As I look forward to the long hours and near madness of seeding wheat starting this week, I also think about how to market it. With much debate and interest in local/regional food the question I find myself asking is, "How can I take advantage of marketing it to bakeries and restaurants in Kansas City and Wichita as flour?"
Normally we sell all of it, except for a small portion that's kept for seed, as a commodity to either our local grain elevator, which in turns markets it to a multinational grain company, or we haul it directly to the multinational ourselves. Multinational companies offer many advantages such as a variety of forward contracts that allow us to capture potentially favorable prices and peace of mind of getting paid timely .
On the other hand a small flour mill offers the opportunity to market the grain as a finished product to bakeries, restaurants, and the public that want closer contact to the farmers that produced it. A small flour mill is another opportunity to add a few needed jobs in rural America, it won't provide enough jobs to stop the out migration though. The potential downside is a small mill could be slow paying and lack the economies of scale for longevity even when charging a premium price.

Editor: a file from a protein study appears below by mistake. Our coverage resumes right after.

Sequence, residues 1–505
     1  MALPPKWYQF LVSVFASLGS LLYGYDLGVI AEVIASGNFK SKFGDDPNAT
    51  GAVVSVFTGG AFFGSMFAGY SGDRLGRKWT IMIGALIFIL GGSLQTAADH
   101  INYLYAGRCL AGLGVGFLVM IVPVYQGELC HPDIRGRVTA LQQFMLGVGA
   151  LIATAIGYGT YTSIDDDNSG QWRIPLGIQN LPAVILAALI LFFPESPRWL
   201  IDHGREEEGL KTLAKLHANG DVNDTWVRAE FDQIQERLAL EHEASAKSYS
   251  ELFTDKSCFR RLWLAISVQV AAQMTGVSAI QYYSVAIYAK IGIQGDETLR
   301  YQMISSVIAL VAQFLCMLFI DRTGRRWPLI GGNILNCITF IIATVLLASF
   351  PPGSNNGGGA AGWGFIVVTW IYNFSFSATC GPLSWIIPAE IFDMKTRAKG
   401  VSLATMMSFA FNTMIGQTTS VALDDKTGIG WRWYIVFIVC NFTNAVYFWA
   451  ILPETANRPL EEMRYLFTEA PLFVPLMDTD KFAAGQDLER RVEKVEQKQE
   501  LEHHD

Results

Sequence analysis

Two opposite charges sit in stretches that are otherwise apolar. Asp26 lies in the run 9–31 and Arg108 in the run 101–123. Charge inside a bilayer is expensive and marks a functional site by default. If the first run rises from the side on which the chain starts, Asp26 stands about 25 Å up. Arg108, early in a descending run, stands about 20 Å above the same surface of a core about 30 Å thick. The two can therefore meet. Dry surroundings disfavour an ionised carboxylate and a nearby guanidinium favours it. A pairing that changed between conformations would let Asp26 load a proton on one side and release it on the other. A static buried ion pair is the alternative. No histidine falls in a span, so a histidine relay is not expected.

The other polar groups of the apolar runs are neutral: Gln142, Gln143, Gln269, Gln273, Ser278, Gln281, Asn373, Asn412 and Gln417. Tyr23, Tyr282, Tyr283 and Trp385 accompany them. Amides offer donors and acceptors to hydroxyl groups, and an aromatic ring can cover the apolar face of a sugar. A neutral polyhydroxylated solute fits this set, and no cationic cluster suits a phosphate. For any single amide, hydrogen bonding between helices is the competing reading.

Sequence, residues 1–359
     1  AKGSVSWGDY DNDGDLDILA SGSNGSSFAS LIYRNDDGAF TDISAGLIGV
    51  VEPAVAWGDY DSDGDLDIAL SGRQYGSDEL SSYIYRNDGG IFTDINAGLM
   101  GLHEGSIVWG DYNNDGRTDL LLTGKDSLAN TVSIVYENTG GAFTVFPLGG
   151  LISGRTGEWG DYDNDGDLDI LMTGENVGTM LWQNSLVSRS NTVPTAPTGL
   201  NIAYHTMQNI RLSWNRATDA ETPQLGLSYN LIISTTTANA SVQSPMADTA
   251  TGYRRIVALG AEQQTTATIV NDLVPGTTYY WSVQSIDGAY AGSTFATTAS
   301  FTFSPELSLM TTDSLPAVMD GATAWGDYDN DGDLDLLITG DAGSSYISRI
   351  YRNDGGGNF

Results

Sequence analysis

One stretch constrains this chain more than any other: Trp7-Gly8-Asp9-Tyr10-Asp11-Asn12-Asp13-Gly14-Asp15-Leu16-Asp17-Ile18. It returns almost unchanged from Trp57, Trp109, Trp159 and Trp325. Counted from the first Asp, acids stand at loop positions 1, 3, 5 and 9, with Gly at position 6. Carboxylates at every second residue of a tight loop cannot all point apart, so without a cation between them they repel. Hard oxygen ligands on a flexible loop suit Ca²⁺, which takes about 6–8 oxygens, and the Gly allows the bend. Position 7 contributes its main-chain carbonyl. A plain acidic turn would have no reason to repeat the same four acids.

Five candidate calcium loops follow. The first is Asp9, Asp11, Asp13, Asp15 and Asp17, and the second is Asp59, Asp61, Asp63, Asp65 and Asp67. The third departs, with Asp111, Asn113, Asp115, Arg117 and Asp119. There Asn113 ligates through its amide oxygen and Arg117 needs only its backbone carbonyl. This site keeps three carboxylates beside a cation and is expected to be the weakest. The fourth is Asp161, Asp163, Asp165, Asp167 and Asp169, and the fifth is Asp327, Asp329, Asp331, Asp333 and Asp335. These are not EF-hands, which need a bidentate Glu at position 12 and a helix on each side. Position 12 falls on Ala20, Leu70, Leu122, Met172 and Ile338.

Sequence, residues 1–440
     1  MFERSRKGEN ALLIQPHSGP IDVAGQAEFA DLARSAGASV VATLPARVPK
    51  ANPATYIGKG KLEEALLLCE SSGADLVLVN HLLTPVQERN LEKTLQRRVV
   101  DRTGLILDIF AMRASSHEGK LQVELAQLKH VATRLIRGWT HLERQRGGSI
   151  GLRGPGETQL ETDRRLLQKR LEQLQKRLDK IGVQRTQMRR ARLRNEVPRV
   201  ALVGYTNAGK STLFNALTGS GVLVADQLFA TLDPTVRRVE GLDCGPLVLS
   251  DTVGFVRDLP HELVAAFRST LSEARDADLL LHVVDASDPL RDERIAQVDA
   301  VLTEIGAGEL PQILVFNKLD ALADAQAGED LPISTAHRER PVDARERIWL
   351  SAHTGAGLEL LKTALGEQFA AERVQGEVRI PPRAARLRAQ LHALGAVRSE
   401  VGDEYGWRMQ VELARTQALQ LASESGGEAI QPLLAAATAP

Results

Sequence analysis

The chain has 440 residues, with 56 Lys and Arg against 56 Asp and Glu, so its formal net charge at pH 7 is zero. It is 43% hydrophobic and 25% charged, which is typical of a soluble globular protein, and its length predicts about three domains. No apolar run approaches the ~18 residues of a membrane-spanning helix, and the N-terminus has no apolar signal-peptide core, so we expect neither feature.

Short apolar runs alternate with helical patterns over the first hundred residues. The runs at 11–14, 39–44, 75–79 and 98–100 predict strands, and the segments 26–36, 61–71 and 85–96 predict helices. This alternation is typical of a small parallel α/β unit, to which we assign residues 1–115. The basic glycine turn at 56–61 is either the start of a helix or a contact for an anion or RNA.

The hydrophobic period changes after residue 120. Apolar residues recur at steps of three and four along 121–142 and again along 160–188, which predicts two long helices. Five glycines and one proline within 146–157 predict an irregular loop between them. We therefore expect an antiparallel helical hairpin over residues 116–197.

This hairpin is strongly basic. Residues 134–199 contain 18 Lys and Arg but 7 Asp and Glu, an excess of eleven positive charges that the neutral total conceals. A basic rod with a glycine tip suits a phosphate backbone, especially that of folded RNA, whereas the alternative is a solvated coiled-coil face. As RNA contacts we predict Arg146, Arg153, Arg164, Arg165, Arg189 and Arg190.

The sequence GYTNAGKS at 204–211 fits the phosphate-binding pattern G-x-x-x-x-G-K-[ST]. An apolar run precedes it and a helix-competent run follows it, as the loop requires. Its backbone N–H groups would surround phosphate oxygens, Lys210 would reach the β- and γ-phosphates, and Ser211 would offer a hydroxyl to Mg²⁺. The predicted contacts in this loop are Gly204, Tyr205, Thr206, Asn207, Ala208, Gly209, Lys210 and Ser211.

Shepard's Grain is an excellent example of a group of farmers in the Pacific Northwest working with an ADM flour mill to develop flour products to their specifications and then marketing the flour to bakeries, delis and other commercial wheat flour users. Using a cost plus pricing system creates a very transparent pricing scheme and rely on farmer owners to help with promotion allowing end users to meet the farmer owners. Mid-scale food value chains case study: Shepherd’s Grain gives a detailed look at how Shepard's Grain works.